Solar energy: problems to be solved

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During the last 5-10 years we are listening that solar will become the cheapest source to produce power in many countries. Unfortunately this is not the reality yet here in the USA, despite many states are trying to push hard the system. California, for example, is thinking about a law that will put an obligation for every new home to have a solar panel system to generate energy. I can image how home builders there are afraid of this proposal – and probably the price for customers there to buy a house will jump more.

Image result for solar panels
Photo credit: https://www.fairfaxcounty.gov

I am a big believer in solar energy, and in my opinion this has to be a matter of study. Nevertheless the panels are still very expensive, and even with some government incentives it takes a lot of time to have your money back. In Massachusetts, depending on your house will be built, you just will have your money back in no less than 7-10 years, depending on the amount of panels you installed.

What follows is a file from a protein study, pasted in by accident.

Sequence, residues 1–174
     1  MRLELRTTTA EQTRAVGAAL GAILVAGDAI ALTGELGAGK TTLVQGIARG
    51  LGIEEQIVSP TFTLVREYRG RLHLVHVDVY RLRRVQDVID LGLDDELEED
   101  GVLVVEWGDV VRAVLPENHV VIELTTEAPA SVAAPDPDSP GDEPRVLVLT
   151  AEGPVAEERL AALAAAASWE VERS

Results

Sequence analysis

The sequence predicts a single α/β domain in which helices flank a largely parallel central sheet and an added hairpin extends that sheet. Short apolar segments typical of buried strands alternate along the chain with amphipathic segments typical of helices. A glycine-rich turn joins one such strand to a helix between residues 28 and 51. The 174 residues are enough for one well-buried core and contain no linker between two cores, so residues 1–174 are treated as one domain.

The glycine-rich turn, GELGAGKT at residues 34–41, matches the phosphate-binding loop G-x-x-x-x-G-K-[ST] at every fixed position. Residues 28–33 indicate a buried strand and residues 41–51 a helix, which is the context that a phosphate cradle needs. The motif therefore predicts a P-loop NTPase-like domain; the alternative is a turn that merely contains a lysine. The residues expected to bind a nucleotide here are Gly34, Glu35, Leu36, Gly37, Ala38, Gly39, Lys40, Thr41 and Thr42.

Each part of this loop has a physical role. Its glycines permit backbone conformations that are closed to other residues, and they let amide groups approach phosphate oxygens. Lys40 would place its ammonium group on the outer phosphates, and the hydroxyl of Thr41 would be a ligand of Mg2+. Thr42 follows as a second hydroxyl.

Gas continues to be the cheapest way to move in terms of energy, even in the New England region (where the prices are among one of the highest in the US). But I think that if you can afford the price it is worthy. I have them here in my home (12 panels) and for a house of more than 3,000 sf I pay no more than 150 dollars per month during the summer time. Also, every quarter, I have a deposit of 250 dollars in my account, because of the energy that can be sold in the market. But when I remember that I’ve paid of it around 18,000 dollars I also remember that the investment will take some time to break-even (around 8 years in my case).

As I mentioned I am a strong believer of solar panel energy, but I think the companies and the government has to continue to put efforts to find the best way to provide customers a more affordable price.

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